Data from: "Transcriptomic resources for five shrimp (Crustacea: Atyidae and Alpheidae) species from the anchialine ecosystem" in Genomic Resources Notes accepted 1 June 2014 to 31 July 2014
Contributors: Havird, Justin C., Santos, Scott R.
Structural analysis of a penicillin V acylase from Pectobacterium atrosepticum confirms the importance of two Trp residues for activity and specificity
Contributors: Vellore Sunder Avinash, Priyabrata Panigrahi, Deepak Chand, Archana Pundle, Cheravakattu Gopalan Suresh, Sureshkumar Ramasamy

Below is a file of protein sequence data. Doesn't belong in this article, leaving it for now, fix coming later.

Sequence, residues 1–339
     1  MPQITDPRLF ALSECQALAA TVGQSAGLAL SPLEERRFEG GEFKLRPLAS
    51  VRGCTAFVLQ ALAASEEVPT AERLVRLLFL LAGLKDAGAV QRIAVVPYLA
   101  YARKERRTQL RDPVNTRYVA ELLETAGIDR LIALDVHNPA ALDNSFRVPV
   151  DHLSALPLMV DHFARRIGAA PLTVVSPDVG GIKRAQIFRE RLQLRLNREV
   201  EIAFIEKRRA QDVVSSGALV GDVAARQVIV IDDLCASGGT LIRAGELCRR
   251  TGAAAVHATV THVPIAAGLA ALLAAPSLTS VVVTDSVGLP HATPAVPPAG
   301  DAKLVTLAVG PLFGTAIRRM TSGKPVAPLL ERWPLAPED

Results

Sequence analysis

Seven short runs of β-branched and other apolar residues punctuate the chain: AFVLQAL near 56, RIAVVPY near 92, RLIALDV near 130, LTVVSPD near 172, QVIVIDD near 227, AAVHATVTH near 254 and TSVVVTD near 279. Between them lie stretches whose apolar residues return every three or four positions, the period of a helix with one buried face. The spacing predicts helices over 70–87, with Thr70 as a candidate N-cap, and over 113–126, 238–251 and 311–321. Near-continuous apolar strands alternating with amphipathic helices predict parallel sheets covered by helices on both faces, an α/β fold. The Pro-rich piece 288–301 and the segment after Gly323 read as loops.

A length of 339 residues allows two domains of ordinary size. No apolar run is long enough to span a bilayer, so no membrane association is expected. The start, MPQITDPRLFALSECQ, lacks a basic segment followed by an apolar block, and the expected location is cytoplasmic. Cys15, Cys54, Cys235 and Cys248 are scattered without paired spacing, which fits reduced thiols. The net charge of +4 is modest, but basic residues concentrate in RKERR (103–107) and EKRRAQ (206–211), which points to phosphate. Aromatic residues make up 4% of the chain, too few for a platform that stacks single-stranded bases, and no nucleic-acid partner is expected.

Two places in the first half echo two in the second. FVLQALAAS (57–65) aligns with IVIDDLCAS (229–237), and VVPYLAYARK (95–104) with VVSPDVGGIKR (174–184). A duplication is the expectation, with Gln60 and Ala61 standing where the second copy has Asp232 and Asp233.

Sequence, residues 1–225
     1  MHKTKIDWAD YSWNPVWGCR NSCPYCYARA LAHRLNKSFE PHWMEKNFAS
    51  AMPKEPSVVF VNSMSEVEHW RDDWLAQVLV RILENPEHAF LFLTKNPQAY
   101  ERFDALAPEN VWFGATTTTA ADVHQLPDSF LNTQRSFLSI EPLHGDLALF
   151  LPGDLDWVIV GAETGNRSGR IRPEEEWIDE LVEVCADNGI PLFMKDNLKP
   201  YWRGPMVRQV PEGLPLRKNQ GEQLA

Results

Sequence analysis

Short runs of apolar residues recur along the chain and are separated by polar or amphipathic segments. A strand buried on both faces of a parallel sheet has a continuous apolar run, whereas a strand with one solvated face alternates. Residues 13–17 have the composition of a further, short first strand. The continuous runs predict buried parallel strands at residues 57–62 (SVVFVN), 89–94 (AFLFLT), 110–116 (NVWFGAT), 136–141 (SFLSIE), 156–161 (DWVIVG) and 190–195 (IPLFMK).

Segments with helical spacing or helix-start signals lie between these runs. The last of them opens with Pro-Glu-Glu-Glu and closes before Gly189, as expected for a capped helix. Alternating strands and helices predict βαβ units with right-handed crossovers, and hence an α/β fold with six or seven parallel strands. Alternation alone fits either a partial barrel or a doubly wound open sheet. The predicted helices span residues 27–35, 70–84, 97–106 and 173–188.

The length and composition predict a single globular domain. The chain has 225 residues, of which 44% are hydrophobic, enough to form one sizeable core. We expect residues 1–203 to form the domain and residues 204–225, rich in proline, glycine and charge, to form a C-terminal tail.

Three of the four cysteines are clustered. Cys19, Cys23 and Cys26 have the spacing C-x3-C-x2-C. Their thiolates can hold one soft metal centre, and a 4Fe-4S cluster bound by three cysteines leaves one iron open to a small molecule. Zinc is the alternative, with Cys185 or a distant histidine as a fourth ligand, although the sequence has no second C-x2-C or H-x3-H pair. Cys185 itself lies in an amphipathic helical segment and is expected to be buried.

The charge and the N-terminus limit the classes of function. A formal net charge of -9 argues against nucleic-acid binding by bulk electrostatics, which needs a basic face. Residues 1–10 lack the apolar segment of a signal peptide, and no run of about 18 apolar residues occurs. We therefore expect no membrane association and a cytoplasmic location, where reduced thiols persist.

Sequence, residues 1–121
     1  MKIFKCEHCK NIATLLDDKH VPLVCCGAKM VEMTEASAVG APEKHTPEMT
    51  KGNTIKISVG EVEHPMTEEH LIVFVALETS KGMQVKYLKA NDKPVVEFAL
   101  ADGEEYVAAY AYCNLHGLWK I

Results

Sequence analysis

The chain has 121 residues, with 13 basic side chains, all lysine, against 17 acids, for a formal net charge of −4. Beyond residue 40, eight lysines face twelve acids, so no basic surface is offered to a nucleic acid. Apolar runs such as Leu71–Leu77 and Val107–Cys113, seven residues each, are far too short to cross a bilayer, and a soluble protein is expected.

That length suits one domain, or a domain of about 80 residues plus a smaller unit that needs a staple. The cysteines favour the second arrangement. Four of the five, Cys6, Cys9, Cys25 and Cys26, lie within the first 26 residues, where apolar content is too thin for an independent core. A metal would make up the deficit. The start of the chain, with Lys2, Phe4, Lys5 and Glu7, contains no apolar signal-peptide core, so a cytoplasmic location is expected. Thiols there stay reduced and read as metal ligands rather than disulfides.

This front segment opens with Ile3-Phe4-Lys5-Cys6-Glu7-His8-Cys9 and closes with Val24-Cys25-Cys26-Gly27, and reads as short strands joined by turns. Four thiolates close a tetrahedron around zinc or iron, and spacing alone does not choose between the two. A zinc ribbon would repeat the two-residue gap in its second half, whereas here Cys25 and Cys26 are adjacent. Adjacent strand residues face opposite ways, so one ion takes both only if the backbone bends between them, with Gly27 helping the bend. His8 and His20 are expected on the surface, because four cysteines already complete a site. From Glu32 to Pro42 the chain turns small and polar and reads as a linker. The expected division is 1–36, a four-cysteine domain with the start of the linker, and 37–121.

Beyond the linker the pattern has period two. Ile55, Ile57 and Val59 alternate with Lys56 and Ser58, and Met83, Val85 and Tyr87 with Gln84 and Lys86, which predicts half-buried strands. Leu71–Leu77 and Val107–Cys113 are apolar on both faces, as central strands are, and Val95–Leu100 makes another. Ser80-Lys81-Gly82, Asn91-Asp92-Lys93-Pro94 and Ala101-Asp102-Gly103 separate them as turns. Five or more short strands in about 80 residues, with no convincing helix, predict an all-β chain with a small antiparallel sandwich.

... Penicillin V acylases (PVA) catalyze the deacylation of the beta-lactam antibiotic phenoxymethylpenicillin (Pen V). They are members of the Ntn hydrolase family and possess an N-terminal cysteine as the main catalytic nucleophile residue. They form the evolutionarily related cholylglycine hydrolase (CGH) group which includes bile salt hydrolases (BSH) responsible for bile deconjugation. Even though a few PVA and BSH structures have been reported, no structure of a functional PVA from Gram-negative bacteria is available. Here, we report the crystal structure of a highly active PVA from Gram-negative Pectobacterium atrosepticum (PaPVA) at 2.5Å resolution. Structural comparison with PVAs from Gram-positive bacteria revealed that PaPVA had a distinctive tetrameric structure and active site organization. In addition, mutagenesis of key active site residues and biochemical characterization of the resultant variants elucidated the role of these residues in substrate binding and catalysis. The importance of residue Trp23 and Trp87 side chains in binding and correct positioning of Pen V by PVAs was confirmed using mutagenesis and substrate docking with a 15ns molecular dynamics simulation. These results establish the unique nature of Gram-negative CGHs and necessitate further research about their substrate spectrum.